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11 November 2010

Transit Problems

Indigestion. Heartburn. Nausea. Insomnia. Headaches. Stomach cramps. (I'll stop there) Welcome to my world. For the past few months I've been having a lot of problems with indigestion and with what in French we call le transit

Needless to say, I haven't been cooking a lot of new and exciting things. I've just been trying to 'deal with' some pretty bland and uninteresting food. And we've been doing a lot of tests to figure out what the problem is. Or what the problems are. 

The initial tests were inconclusive. So we did some more. I suspected an old foe, wheat. I stopped eating wheat and after a few weeks about 80% of my problems went away. But some were still there, so we did some more tests. Finally, last week we did the BIG test. Ew. Let's just say that we had a good look at  everything. The good news is that the big bad stuff is ruled out. So we're just continuing.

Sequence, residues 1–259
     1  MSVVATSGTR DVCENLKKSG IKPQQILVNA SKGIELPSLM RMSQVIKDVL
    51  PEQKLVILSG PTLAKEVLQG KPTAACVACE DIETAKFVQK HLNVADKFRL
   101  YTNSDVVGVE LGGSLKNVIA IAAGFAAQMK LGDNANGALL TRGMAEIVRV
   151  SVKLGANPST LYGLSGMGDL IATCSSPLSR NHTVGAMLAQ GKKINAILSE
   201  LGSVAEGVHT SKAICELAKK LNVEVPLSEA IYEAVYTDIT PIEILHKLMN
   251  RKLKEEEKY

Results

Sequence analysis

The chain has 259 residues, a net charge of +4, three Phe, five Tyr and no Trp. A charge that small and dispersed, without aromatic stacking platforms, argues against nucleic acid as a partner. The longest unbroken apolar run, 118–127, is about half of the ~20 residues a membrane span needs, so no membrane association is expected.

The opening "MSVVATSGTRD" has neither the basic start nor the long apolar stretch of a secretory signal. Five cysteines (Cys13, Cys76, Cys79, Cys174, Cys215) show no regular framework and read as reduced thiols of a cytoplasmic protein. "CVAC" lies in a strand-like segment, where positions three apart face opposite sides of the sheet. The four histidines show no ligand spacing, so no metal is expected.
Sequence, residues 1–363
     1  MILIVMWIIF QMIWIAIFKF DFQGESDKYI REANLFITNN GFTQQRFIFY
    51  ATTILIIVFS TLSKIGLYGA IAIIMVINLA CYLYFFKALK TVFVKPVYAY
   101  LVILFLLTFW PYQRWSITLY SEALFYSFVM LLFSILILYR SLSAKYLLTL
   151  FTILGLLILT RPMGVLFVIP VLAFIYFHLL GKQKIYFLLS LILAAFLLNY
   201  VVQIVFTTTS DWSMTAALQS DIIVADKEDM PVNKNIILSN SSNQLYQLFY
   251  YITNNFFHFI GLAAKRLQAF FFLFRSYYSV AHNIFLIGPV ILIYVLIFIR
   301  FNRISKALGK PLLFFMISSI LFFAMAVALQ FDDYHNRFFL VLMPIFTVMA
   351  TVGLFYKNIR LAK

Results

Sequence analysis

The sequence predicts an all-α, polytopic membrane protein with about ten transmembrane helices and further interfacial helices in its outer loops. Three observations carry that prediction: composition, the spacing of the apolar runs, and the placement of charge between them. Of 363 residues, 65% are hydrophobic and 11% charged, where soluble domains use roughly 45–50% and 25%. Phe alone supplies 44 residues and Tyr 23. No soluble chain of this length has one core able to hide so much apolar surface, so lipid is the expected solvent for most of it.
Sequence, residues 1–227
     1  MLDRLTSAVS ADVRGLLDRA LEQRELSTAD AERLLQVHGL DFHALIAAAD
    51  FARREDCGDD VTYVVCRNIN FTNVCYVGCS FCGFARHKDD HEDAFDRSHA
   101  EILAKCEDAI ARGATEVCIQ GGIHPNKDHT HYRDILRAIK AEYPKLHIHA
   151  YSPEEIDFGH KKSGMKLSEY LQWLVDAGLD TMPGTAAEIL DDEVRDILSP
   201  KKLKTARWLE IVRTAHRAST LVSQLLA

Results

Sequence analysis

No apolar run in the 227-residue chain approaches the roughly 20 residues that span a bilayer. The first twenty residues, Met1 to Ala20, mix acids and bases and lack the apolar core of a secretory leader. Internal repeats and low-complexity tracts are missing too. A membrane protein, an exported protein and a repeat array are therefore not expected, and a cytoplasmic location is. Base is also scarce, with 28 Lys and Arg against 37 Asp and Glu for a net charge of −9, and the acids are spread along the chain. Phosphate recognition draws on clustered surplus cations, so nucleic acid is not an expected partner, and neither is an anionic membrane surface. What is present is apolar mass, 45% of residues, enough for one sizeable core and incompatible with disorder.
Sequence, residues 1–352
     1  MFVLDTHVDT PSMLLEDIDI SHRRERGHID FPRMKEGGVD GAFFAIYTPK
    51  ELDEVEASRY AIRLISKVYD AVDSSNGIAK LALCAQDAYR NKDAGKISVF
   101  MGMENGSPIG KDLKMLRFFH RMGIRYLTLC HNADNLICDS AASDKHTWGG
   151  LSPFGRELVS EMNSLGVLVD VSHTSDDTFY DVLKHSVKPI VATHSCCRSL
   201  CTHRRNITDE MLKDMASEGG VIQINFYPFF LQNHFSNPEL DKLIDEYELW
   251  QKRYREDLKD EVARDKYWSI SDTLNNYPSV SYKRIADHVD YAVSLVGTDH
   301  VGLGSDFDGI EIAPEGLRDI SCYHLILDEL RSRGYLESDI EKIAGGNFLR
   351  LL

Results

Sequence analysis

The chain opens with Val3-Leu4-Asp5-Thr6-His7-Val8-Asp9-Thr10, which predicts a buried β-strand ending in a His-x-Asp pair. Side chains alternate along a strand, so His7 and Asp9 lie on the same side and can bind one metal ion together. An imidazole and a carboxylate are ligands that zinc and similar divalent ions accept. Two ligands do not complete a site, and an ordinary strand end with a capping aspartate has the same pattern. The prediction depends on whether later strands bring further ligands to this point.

The reason that I'm telling you this is that in the week before the 'ew' test, I had an interesting insight. It had to do with the special diet that I had to follow before the test. Basically, it consisted of eating only foods with no dietary fiber―or veryvery low fiber. Now, this is just the opposite of what I normally do. Like many people, Dan and I eat whole grains, lots of veggies, as much fiber as we can stuff into our diets. During the week of this diet I ate wheat for the first time in several months. 

I took one look at the list of foods I could eat on this diet, and I'm here to tell you that it looked like a vacation from healthy eating: white bread, white rice, croissants, potatoes, tender meat, no fruit, no vegetables. OKAY, I thought, I can do this. Croissants, check! potatoes, check! Fries, check! I even got  up early twice to make biscuits for breakfast. I don't mean the crunchy British biscuits (which I call cookies), I mean good ol' honest-to-goodness south-of-the-mason-dixon-line baking powder biscuits. Oh, man were they good. Hot from the oven with butter melting in them and a little honey drizzled over... 

The first day that I ate wheat again was no problem. The second day I felt sort of tired, washed out and just not quite right. The third day I noticed that right after I ate a slug of wheat I felt like I had a surge of adrenalin: my heart was pounding and I felt very jumpy. I felt angry, and I found myself looking for something to be angry about. I was wound up and just looking for a target. Luckily Dan wasn't home! I finally realized that it was the wheat that had done this. It's amazing what food can do to out emotions.